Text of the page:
“Sergei Efron in 1913, speaking about tango: ‘One can only dance like that on the eve of a global catastrophe.’” Marina Tsvetaeva, Notebooks, 1916-18, translated by Christopher Whyte.
About 1964 I stopped being seduced by the latest pop music and it began to annoy me. The twist, the cha-cha, and the Beatles, if I remember right, were my last enthusiasms of the sort. Unknowingly, I was following a general rule: once we establish a family, new pop stops resonating for us, we develop an indifference that in time becomes hostility, and we start asking ourselves how our teenage children are able to go crazy over such noisy crap. Unless, of course, we are trying to prove that we’re still cool.
Earlier though, I did go worse than crazy—I went metaphysical—over Nat King Cole’s “I love you for sentimental reasons.” Back in those days, Argentine girls had to wear through high school the white smock boys dropped upon finishing grammar school: when she was a teenager, my sister spent much time starching and ironing her smocks, on top of doing her homework. She attended the Liceo Nacional de Señoritas número 2 adjacent to Plaza Lezica, at the opposite end of which stood the confitería Plaza. I would sit there, at a window table covered by an immaculately white tablecloth, sipping a brandy Alexander (alcohol was allowed to sixteen-year-olds), listening to Nat King Cole or the Trío Los Panchos, and hoping for the appearance of the donna angelicata who would lead me through the paradisiac spheres up into the heaven of heavens, to draw the empyrean air. But she never showed up.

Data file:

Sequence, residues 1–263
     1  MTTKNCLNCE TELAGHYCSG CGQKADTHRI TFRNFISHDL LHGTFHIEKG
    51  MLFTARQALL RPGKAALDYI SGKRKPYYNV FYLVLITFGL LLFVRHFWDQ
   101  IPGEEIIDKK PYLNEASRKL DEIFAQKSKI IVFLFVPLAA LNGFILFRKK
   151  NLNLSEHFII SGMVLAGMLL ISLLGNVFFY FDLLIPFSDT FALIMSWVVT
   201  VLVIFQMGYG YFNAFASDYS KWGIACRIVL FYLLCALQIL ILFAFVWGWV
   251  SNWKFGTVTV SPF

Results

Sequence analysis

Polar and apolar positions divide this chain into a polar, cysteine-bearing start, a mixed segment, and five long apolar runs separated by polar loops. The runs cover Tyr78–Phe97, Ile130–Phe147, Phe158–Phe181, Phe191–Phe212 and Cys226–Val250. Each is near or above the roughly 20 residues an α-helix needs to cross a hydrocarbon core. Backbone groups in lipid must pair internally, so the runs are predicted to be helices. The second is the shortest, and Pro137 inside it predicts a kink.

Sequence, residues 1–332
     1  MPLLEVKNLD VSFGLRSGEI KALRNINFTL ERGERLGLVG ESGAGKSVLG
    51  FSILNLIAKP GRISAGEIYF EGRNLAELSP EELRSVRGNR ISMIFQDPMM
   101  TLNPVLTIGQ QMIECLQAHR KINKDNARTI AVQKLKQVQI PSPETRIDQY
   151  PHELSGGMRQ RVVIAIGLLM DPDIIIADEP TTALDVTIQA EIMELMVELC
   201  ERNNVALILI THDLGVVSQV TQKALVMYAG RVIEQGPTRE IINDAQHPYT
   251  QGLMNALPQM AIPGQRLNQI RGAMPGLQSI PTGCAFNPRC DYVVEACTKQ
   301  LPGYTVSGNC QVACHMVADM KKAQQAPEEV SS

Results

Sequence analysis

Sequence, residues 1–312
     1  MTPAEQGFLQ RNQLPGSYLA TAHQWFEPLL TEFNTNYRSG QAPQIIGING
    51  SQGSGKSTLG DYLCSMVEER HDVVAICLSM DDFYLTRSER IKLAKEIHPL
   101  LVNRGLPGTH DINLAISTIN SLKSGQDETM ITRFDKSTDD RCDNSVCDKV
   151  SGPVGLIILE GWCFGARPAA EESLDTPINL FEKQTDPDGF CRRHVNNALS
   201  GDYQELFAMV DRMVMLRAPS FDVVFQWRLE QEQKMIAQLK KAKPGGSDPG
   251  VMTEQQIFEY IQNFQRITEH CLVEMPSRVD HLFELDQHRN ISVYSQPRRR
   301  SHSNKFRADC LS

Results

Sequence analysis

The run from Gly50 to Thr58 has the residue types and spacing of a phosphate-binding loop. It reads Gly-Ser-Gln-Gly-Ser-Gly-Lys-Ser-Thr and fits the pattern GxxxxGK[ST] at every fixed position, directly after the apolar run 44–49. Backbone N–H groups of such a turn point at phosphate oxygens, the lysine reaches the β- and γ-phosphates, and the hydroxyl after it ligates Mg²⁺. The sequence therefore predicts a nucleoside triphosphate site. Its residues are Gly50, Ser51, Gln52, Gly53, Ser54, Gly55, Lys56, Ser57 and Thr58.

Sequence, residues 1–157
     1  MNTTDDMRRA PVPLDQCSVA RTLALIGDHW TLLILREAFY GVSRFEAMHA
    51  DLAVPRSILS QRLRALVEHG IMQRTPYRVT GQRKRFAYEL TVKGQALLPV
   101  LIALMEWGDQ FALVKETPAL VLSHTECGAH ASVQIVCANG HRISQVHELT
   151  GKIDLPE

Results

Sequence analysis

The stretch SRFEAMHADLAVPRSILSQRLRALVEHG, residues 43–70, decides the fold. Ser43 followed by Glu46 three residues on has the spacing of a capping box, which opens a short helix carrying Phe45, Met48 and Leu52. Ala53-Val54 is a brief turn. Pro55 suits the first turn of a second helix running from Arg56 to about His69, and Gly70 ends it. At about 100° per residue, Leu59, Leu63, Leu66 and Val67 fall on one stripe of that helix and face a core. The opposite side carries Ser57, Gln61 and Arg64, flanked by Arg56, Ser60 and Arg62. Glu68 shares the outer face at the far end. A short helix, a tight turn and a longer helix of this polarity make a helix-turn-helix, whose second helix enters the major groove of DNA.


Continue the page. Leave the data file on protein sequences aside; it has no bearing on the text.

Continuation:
In the early 60s, heart cracked after my first serious love affair, lying on my bed while listening on the radio to Marcel Mouloudji sing “Un jour tu verras”, I would project myself on to the year 2000. A Parisian square, perhaps on the 20ème, where she and I would meet again of an evening, and dance, now cheek-to-cheek, now eyes-deep-into-our-eyes, « Vers une nuit profonde, vers une fin du monde… » — a cushy, bittersweet apocalypse.
Those songs from my teens, and many more like those, were a part of my sentimental education. They left their imprint, how deep I cannot tell, but they were certainly not pressed on a blank slate: my childish slate was already densely incised with tango lyrics. The first ten years of my life were lived listening to my mother’s tangos, those she had learned before she married: they had been new between about 1925 and 1935. She sang while doing her chores in the kitchen, or darning our socks.
Her singing was perpetual until, when I was nine or ten, my father made such a terrible mess of his affairs—not only those of the pocket but also of the heart & the fly, though in what proportions or combinations I’m unable to tell—that my mother started attending daily to the shop and the mill. While Dad drove his car all over the city securing—as he told everyone—fresh bank credits to cover previous defaults, Mom rode bus 112 to and from Lanús, a southern industrial town where the mill was located. In the evening she came home in a bad mood, and frowned and scowled instead of singing. This situation lasted for years; in fact, my mother never resumed her singing, which had two consequences as far as I was concerned: it saddened me, and it wrapped those early years in a cloud of nostalgia, making them appear in my mind as a paradise lost.